E-Ventures Worldwide, LLC v. Google, Inc., No. 2:2014cv00646 - Document 103 (M.D. Fla. 2016)

Court Description: OPINION AND ORDER denying 87 defendant's Motion for Reconsideration. See Opinion and Order for details. Signed by Judge John E. Steele on 8/19/2016. (AMB)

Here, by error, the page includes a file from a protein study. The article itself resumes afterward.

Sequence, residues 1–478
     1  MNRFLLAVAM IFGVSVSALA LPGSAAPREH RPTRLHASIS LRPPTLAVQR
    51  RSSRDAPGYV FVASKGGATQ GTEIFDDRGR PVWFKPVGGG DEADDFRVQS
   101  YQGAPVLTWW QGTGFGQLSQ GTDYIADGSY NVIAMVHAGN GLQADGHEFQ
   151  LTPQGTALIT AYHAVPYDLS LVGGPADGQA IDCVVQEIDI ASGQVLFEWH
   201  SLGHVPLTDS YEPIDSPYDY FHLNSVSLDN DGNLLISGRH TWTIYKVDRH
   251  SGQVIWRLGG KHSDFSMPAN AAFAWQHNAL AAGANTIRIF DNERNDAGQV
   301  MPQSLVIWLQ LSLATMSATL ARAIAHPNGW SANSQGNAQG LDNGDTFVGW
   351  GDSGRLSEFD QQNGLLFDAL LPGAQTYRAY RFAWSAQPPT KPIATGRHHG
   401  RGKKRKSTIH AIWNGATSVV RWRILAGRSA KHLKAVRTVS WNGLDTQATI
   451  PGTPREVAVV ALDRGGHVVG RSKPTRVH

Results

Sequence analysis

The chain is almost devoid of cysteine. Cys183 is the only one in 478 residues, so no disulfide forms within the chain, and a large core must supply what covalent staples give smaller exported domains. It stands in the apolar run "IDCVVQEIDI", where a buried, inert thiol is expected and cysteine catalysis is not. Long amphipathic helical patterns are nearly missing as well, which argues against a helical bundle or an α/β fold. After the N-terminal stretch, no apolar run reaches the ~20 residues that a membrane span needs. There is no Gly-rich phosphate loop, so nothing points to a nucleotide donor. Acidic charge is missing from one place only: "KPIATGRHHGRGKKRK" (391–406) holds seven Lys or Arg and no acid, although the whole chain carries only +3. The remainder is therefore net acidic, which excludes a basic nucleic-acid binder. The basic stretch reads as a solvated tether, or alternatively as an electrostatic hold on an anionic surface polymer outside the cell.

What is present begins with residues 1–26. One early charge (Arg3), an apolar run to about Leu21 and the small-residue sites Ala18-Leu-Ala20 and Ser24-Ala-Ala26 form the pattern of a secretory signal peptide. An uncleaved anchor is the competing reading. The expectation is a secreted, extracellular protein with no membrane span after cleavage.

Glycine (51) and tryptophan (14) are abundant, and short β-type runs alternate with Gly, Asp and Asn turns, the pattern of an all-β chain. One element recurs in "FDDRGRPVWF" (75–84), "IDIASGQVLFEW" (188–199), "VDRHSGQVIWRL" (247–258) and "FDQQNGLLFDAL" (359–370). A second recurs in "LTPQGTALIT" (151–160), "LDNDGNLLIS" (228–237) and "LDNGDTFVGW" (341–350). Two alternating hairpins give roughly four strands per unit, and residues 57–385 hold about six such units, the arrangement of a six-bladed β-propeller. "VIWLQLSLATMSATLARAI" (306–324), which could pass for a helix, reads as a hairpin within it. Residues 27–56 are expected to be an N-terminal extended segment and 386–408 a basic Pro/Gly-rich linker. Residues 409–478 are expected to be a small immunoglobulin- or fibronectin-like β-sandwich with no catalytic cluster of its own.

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E-Ventures Worldwide, LLC v. Google, Inc. Doc. 103 UNITED STATES DISTRICT COURT MIDDLE DISTRICT OF FLORIDA FORT MYERS DIVISION E-VENTURES WORLDWIDE, LLC, 9045 Strada Stell Court, Suite 103, Naples, Fl 34109, Plaintiff, v. Case No: 2:14-cv-646-FtM-29CM GOOGLE, INC., 1600 Amphitheatre Parkway, Mountain View, CA 94043, Defendant. OPINION AND ORDER This matter comes before the Court on defendant's Motion for Reconsideration (Doc. #87) filed on May 19, 2016. Plaintiff filed a Response (Doc. #89) on May 31, 2016. I. Reconsideration of a court’s previous order is an extraordinary remedy, and reconsideration is a power to be “used sparingly.” United States ex rel. Mastej v. Health Mgmt. Assocs., Inc., 869 F. Supp. 2d 1336, 1348 (M.D. Fla. 2012). In particular, motions filed under Rule 60(b)(6)’s “catch-all” provision “must demonstrate that the circumstances are sufficiently extraordinary to warrant relief.” Galbert v. W. Caribbean Airways, 715 F.3d 1290, 1294 (11th Cir. 2013) (citation omitted). The movant has the burden of showing such extraordinary circumstances. Mastej, Dockets.Justia.com 869 F. Supp. 2d at 1348. A motion for reconsideration does not provide an opportunity to argue for the first time a new issue that could have been raised previously, or to argue more vociferously an issue the Court has previously decided. first drafts, Id. subject litigant’s pleasure.” Court opinions “are not intended as mere to revision and reconsideration at a Quaker Alloy Casting Co. v. Gulfco Indus., Inc., 123 F.R.D. 282, 288 (N.D. Ill. 1988). When the Court has carefully and considered the relevant issues rendered its decision, “the only reason which should commend reconsideration of that decision is a change in the factual or legal underpinning upon which the decision was based.” 1348 (citations omitted). Mastej, 869 F. Supp. 2d at Accordingly, a motion to reconsider should set forth material facts previously unknown to the party seeking reconsideration or direct the Court’s attention to “law of a strongly convincing nature to demonstrate to the court the reason to reverse its prior decision.” Id. (citations omitted). II. Defendant, Google, Inc., requests the Court to reconsider its Opinion and Order entered on defendant’s Motion to Dismiss plaintiff’s Second Amended Complaint to the extent that it allowed plaintiff to proceed with a claim under Section 1125(a)(1)(A) of the Lanham Act. (Doc. #87.) Google now argues that the Court made a “clear mistake,” because “e-ventures previously stated that - 2 - it was not making a claim under that provision of the Lanham Act.” (Id. at 2) (emphasis omitted). In support of this assertion, Google statement directs the Court to a made in plaintiff’s Response to Google’s Motion to Dismiss plaintiff’s First Amended Complaint. The Court notes that Google is now seeking reconsideration of the Court’s Order on Google’s Motion to Dismiss plaintiff’s Second Amended Complaint – not the First Amended Complaint. Google’s Motion to Dismiss plaintiff’s Second Amended Complaint did not contain any arguments relating to a claim under Section 1125(a)(1)(A) and solely focused its arguments toward a claim asserted under Section 1125(a)(1)(B). arguments being related solely to a claim Due to Google’s under Section 1125(a)(1)(B), the Court ruled on those arguments accordingly and found them to be inapplicable to the claim asserted by plaintiff in its Second Amended Complaint under Section 1125(a)(1)(A). Defendant argues that the Court should have sua sponte addressed arguments that defendant failed to include in its Motion to Dismiss Plaintiff’s Second Amended Complaint. While the Court may or may not agree with some of the arguments presented in defendant’s Motion for Reconsideration, these arguments were not presented in its Motion to Dismiss plaintiff’s Second Amended Complaint and, therefore, are not within the proper scope of - 3 - reconsideration. 1 Defendant has interpreted the Court’s ruling to mean that plaintiff had adequately stated a claim under Section 1125(a)(1)(A). That is not what the Court ruled. The Court ruled that defendant’s arguments asserted in its motion to dismiss for dismissing count I of plaintiff’s Second Amended Complaint were inapplicable to the claim stated in plaintiff’s Second Amended Complaint under 15 U.S.C. § 1125(a)(1)(A). Accordingly, it is hereby ORDERED: Defendant's Motion for Reconsideration (Doc. #87) is DENIED. DONE and ORDERED at Fort Myers, Florida, this __19th__ day of August, 2016. Copies: Counsel of Record 1 If defendant desires to present arguments available but not included in its Motion to Dismiss Plaintiff’s Second Amended Complaint, it needs to avail itself of the appropriate avenues. - 4 -